HBT16 review by Harley Benton

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  • Sound: 10
  • Overall Impression: 10
  • Reliability & Durability: 9
  • Action, Fit & Finish: 10
  • Features: 9
  • Reviewer's score: 9.6 Superb
  • Users' score: 8.7 (3 votes)
Harley Benton: HBT16
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Price paid: € 68

Purchased from: Thomann

Sound — 10
I play funk, which this guitar can do very well. No matter what pickup you use, it sounds awesomely funky. The bridge pickup cuts thru like a HOT knife in butter, and the neck pickup is very percussive. I play through Vox amps, sometimes with WAH effect. The sound of the guitar is extremely bright and good. No noise AT ALL. Extremely good pickups, no need to replace them.

Overall Impression — 10
I have been playing only for 3 years, but I have a range of guitars. I have 1984 Fender Japan Stratocaster, Williams Les Paul copy, Epiphone Explorer GT and this guitar. I own also basses. If this guitar would be lost, I would buy it again. This guitar is totally awesome and totally worth your buck. Flawless thing except the plywood body and strap buttons. Compares at least the Mexican Tele. This guitar would have been even better with maple fretboard.

Reliability & Durability — 9
I think it will last very well. I just suggest that you don't drop it, the plywood body will shatter if it happens. The strap buttons are one of the only flaws in this guitar, they drop off easily. Otherwise, no complaints again. Awesome guitar. The finish will last.

Action, Fit & Finish — 10
The guitar was very well set up and in TUNE. The action was perfect out the box. The pickups are well adjusted. Finish, neck setup... Everything was perfect, this guitar feels and looks just as good as a Fender American Standard Telecaster. This guitar is totally awesome. Only one complaint is the plywood body, which sucks in means of tone, but is at least light. It is not a very bad body but I hate the thought that it is a glued together pile of wood. The electronics are flawless, the tone control and the volume control REALLY WORK. can't say the same from any other guitars or basses I have. The fretboard is really fine and soft, pitch bending can be done way better than on most guitars.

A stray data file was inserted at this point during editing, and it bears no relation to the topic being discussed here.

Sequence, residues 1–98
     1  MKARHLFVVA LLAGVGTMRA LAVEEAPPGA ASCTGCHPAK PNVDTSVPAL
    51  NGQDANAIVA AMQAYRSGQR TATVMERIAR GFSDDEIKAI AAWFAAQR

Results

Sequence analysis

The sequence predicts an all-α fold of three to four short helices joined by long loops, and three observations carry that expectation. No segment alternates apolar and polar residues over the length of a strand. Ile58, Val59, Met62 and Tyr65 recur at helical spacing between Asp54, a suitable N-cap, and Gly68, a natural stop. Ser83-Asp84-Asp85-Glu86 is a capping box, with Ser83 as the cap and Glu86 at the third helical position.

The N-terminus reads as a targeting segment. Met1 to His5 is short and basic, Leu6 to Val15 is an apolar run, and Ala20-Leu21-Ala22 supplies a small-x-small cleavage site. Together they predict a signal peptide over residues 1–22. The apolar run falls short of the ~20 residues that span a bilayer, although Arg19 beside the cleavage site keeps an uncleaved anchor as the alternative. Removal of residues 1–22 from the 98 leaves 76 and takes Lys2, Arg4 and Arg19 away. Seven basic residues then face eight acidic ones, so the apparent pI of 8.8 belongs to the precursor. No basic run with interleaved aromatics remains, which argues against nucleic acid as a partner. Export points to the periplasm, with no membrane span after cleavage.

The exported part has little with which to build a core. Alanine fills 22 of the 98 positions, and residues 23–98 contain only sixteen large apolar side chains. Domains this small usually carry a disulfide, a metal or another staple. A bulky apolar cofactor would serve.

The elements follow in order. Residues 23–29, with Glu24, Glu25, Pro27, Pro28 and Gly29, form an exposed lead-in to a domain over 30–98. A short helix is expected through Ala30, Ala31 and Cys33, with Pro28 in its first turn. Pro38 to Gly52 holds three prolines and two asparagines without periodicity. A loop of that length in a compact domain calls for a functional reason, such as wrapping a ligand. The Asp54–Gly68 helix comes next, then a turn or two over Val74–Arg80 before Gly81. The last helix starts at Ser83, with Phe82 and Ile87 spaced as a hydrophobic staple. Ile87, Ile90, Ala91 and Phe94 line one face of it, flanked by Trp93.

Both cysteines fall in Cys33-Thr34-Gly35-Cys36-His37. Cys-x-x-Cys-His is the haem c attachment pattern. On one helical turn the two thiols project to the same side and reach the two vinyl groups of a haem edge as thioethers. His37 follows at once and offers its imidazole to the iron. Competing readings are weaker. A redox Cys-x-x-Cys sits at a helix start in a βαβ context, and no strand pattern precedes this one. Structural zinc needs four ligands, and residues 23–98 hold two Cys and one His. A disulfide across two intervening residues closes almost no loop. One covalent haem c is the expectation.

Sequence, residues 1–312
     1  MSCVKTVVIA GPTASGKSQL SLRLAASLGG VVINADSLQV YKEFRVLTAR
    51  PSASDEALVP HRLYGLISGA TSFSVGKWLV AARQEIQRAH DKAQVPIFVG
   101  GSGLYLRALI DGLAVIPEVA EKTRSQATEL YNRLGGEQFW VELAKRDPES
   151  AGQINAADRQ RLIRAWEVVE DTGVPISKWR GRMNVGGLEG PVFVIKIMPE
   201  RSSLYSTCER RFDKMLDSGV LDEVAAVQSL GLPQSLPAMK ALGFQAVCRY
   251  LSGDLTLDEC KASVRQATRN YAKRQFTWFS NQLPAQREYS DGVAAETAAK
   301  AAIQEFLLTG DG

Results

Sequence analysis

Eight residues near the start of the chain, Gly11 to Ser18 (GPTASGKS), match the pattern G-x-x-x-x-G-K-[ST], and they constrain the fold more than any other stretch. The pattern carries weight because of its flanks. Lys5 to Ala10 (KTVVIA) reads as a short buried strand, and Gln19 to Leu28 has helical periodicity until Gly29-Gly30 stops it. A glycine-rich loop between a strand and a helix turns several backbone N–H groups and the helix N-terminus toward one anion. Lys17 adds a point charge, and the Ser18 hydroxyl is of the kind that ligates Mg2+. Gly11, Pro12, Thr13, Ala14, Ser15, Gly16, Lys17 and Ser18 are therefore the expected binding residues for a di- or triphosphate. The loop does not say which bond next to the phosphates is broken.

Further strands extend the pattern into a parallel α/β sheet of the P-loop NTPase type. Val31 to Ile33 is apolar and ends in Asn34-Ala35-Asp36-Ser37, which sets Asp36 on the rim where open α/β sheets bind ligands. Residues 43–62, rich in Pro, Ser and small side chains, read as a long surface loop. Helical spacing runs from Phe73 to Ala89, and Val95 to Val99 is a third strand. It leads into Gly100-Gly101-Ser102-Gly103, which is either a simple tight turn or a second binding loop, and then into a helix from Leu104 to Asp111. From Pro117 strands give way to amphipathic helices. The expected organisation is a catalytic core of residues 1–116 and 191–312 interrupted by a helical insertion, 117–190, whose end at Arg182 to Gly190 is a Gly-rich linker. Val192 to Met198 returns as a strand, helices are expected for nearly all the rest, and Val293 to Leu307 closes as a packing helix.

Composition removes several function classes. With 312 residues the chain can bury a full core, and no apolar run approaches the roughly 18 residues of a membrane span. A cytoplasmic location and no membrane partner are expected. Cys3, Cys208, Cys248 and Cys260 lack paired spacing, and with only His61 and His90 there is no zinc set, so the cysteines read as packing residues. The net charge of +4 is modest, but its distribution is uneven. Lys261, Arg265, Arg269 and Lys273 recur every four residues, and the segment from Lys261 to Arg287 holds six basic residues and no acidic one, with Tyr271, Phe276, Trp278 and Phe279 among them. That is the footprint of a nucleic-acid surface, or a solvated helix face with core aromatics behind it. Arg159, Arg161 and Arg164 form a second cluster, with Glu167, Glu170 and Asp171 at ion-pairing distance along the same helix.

Features — 9
This guitar was made in 2011, in China. It is a typical Telecaster guitar with black finish and 22 frets. It has a rosewood fretboard and SS pickups. The switch layout is the standard tele configuration with one tone ony volume and a 3-way pickup switch. Very versatile guitar.

5 comments sorted by best / new / date

    MaggaraMarine
    Extremely good pickups, no need to replace them.
    Doubt it but who would replace the pickups on crappy guitar? Why are people buying guitars this cheap and then spending more money on buying some Dimarzios? The building quality must be pretty crappy if you buy this cheap. So what's the point of upgrading your pickups?
    After 2 weeks of playing I changed the neck pickup with a nice DiMarzio.
    MaggaraMarine
    Oh and that 9.6 rating review... Facepalm. "Compares at least the Mexican Tele." No it doesn't! Mexican Tele costs almost 10x more and you say that this is better! This kind of reviews just make me angry.
    rv_phoenix
    MaggaraMarine wrote: Oh and that 9.6 rating review... Facepalm. "Compares at least the Mexican Tele." No it doesn't! Mexican Tele costs almost 10x more and you say that this is better! This kind of reviews just make me angry.
    ... And it doesn't just cost 10x more, it also plays 10x better! Amateurs write "reviews" to express their thrill of being ignorant. Staggs are crap, not axes, for so many obvious reasons, that our explanations would be just a waste of time.
    Astro800
    I have to disagree about what you say about Stagg Guitars. They are not necessarily brilliant guitars, but you get what you pay for, you can't expect a Stagg to be as good as a PRS. I have had a 1957 Strat, a 1963 & more recently, the use of a 1990's Strat. I don't have them any more, they went years ago. About 5 years ago I needed a Strat sound for a recording, but was hard up for cash. I went into my local music shop & looked at a Stagg, which I was dubious about, having seen the price. I have to admit that I picked the best one in there. It seemed really good apart from the setup. Asked the guy to borrow some tools & spent 3/4 of an hour setting it up. It really isn't a bad guitar now. It's quite heavy in weight (like the 1957), plays very well, has a good action. It's not comparable with a real vintage Strat, but plays a hell of a lot better that the CBS Fender Strats & the Horrible "F" Series. I think I know what the F stands for, ha, ha So there you are, Staggs are variable, even if they are cheap. Can be quite good if set up properly, but don't expect them to be custom shop quality.